Duke Energy’s controversial coal-gasification plant in Edwardsport, Indiana is again being challenged before state regulators.
Four environmental groups, the Citizens Action Coalition of Indiana, Save the Valley, the Sierra Club and Valley Watch, have filed a motion before the Indiana Utility Regulatory Commission calling for an investigation into the plant’s operating problems, schedule delays and cost overruns.
Kerwin Olson is the executive director of the Citizens Action Coalition.
“Our complaints relate back to 2007,” Olson says, “Our complaints were that this is a first-of-a-kind technology. This is a science project. We predicted that there would be significant cost escalations, construction delays, and problems during testing and startup, and all of these have happened. So much so that it’s only running at 4 percent of its rated capacity.”
In 2007, when it approved the plant, the Regulatory Commission put a $1.985 billion cap on building costs that Duke could be pass on to its customers. the Commission subsequently raised that cap to $2.6 billion. Today, the cost of the still-not-quite-operational plant is around $3.5 billion and rising.
Duke is now seeking Commission approval to add another $180 million to the expense line for a plant that is years behind its projected completion date.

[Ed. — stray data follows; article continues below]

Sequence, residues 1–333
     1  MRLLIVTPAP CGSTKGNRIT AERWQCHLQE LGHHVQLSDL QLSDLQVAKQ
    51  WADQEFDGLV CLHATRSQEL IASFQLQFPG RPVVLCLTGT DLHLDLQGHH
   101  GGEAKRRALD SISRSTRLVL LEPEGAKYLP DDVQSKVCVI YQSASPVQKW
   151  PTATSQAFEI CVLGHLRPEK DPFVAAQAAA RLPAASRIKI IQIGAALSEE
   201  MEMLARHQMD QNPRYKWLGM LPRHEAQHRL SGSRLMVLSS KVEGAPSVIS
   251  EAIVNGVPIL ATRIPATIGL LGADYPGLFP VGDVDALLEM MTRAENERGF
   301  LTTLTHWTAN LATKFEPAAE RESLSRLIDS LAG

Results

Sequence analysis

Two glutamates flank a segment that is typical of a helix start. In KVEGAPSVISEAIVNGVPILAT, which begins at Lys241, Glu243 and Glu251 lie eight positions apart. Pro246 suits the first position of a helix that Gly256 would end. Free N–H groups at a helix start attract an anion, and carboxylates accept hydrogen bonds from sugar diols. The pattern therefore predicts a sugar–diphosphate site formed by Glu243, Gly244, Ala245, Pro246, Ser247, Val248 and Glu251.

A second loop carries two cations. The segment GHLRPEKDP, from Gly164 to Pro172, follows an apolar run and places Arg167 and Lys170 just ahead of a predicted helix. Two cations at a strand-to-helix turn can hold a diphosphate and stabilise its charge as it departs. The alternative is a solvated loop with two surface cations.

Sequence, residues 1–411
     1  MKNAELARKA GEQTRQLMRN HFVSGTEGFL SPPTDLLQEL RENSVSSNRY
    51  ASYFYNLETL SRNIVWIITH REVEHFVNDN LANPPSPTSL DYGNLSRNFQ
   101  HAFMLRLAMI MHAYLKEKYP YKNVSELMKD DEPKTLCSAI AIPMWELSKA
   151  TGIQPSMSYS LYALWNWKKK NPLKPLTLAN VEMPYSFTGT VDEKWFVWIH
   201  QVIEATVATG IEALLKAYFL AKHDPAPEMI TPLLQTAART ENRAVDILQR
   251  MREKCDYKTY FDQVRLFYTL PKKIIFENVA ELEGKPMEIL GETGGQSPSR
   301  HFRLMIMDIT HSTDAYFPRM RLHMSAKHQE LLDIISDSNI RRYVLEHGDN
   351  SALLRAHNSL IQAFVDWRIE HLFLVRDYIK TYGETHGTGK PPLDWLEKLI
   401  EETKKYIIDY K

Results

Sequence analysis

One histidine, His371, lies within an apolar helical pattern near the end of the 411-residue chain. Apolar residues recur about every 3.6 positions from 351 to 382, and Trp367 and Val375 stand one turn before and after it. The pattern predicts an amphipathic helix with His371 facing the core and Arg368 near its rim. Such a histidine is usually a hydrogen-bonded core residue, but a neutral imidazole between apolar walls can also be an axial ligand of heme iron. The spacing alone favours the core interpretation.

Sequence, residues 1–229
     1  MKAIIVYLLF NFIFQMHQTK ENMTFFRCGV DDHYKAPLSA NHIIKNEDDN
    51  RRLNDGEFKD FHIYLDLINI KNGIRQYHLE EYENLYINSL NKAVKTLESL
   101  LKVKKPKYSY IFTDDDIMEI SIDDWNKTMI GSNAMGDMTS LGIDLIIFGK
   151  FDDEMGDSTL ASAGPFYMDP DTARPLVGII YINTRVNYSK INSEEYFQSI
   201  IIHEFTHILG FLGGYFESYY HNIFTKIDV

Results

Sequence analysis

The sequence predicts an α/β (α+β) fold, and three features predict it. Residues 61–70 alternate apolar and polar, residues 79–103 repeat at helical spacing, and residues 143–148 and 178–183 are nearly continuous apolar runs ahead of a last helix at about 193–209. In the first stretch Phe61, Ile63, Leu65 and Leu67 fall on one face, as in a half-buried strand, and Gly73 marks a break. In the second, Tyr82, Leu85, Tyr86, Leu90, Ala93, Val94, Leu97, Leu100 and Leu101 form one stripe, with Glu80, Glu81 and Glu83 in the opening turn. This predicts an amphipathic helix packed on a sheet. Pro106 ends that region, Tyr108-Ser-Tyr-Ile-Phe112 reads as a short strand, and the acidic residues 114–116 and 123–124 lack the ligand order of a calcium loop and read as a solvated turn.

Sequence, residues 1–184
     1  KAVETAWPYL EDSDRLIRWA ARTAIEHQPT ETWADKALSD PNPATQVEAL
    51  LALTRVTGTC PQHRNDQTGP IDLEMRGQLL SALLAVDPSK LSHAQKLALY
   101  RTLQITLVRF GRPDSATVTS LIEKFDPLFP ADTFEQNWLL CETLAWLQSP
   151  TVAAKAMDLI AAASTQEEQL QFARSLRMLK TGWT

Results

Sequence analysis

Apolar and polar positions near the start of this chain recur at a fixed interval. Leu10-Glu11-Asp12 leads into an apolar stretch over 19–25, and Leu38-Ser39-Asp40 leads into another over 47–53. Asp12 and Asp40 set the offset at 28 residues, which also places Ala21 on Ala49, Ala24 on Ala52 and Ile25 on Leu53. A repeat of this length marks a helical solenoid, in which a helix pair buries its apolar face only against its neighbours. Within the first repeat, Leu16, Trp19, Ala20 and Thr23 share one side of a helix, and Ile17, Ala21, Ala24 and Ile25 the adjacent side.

“This plant was supposed to be purring like a kitten at 85 percent capacity on day one, according to Duke Energy,” Olson says, “In the six month period for the petition we filed it averaged 37 percent capacity, and the latest information we have from January was at 4 percent. We believe that this is a power plant that first of all never should have been approved in the first place and secondly, we have ratepayers paying a tremendous amount of money that is not useful and not serving the public interest.”
Since the time of its initial conception, various opponents have filed 12 motions to the Commission on the proposal. Seven of these are still before the courts.
In the past, the Commission has been reprimanded by the courts for have a too cozy relationship with the interests it is charged with regulating.
Yet the commission continues to add Duke’s costs to ratepayers bills, including the most recent request by Duke to recover repair and maintenance costs for a plant that is not producing much gas.
The Commission has not yet responded to the complainants petition, nor it is required to actually hold a hearing on it. The complainants are preparing for the eventuality of appealing the Commission’s response to Duke’s most recent cost recovery request.